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Cracking 14 Character Complex Passwords In 5 Seconds


okiwan
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http://www.ciozone.com/index.php/Security/...-5-Seconds.html

There has been a lot of talk recently in the security community about high speed GPU (video card) processors being able to crack passwords very quickly.

But there is a technology that can crack them even faster. A Swiss security company called Objectif Sécurité has created a cracking technology that uses rainbow tables on SSD drives.

Apparently it is the hard drive access time and not the processor speed that slows down cracking speed. So using SSD drives can make cracking faster, but just how fast?

One article in March of this year stated that the technique using SSD drives could crack passwords at a rate of 300 billion passwords a second, and could decode complex password in under 5.3 seconds.

So, how long would a long complex password hold up to the SSD based cracking technology?

Sounds like we need to put this to the test. Most hackers will crack passwords by decoding the password hash dumps from a compromised computer.

So, I pulled several 14 character complex passwords hashes from a compromised Windows XP SP3 test machine, to see how they would stand up to Objectif’s free online XP hash cracker.

The results were stunning.

Let’s start out with an easy one. Here is the Administrator password hash from the machine:

aad3b435b51404eeaad3b435b51404ee:31d6cfe0d16ae931b73c59d7e0c089c0

And putting this into Objectif’s tool we get this response:

Password: Empty password…

Time: 2 seconds

Administrator didn’t set a password, that’s not good…

Okay, that wasn’t 14 characters, let’s try a hard one.

How about this one:

Hash: 17817c9fbf9d272af44dfa1cb95cae33:6bcec2ba2597f089189735afeaa300d4

And the response:

Password: 72@Fee4S@mura!

Time: 5 Seconds

Wow! that took only 5 seconds and that is a decent password.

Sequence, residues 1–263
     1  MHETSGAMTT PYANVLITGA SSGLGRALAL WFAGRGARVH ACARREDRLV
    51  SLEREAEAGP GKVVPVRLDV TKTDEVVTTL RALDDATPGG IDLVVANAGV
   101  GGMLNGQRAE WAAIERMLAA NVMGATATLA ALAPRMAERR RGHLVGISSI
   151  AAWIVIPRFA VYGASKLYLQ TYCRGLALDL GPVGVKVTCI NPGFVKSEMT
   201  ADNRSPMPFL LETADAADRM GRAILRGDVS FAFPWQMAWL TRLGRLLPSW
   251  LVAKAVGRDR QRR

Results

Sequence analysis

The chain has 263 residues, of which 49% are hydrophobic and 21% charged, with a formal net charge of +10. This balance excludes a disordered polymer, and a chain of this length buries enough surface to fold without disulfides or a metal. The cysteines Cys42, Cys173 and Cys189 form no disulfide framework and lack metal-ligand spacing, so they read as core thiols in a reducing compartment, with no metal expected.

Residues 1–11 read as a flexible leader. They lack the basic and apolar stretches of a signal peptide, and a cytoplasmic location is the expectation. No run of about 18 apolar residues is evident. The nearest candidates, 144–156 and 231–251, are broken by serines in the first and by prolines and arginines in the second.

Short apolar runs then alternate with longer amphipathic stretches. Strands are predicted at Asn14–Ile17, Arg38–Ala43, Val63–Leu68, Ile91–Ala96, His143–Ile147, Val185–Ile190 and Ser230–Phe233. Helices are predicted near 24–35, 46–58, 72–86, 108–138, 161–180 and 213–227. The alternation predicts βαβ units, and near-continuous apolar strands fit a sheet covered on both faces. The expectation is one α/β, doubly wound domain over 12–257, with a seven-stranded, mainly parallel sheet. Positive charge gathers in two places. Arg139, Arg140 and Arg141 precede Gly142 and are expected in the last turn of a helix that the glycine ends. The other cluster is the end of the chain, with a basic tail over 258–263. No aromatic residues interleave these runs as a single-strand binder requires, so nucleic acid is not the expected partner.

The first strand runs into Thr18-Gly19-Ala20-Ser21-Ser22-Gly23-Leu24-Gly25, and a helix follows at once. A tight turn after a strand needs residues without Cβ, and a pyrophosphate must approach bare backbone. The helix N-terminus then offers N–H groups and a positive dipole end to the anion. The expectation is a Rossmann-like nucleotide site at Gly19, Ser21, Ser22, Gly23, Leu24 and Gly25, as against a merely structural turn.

Let’s try a few more:

Hash: ac93c8016d14e75a2e9b76bb9e8c2bb6:8516cd0838d1a4dfd1ac3e8eb9811350

Password: (689!!!<>”QTHp

Time: 8 Seconds

Hash: d4b3b6605abec1a16a794128df6bc4da:14981697efb5db5267236c5fdbd74af6

Password: *mZ?9%^jS743:!

Time: 5 Seconds (Try typing that in every day!)

And Finally:

Hash: 747747dc6e245f78d18aebeb7cabe1d6:43c6cc2170b7a4ef851a622ff15c6055

Password: T&p/E$v-O6,1@}

Time: Okay, this one really pushed it to the limits, it took a whole 11 seconds to crack!

Very impressive, it took only five to eleven seconds in this test to crack 14 character complex passwords. I was able to create a password that Objectif’s site couldn’t decode; it was using characters from the extended ASII set.

But, unfortunately, I could not log into the XP system using it either.

Want to see how a password would do without having to exploit a system and dump the password hashes?

Objectif allows you to put a password in and it will convert it for you. Then you can place the hash into the cracker and see how it does.

I believe that this demonstration shows that relying on passwords alone may no longer be a good security measure.

Many companies and government facilities are moving away from using just passwords to dual authentication methods. Biometrics and smartcards are really becoming popular in secure facilities.

And if the rumors are true, it looks like Microsoft may include facial recognition authentication in the next version of Windows. Time to dust off the old Web Cam…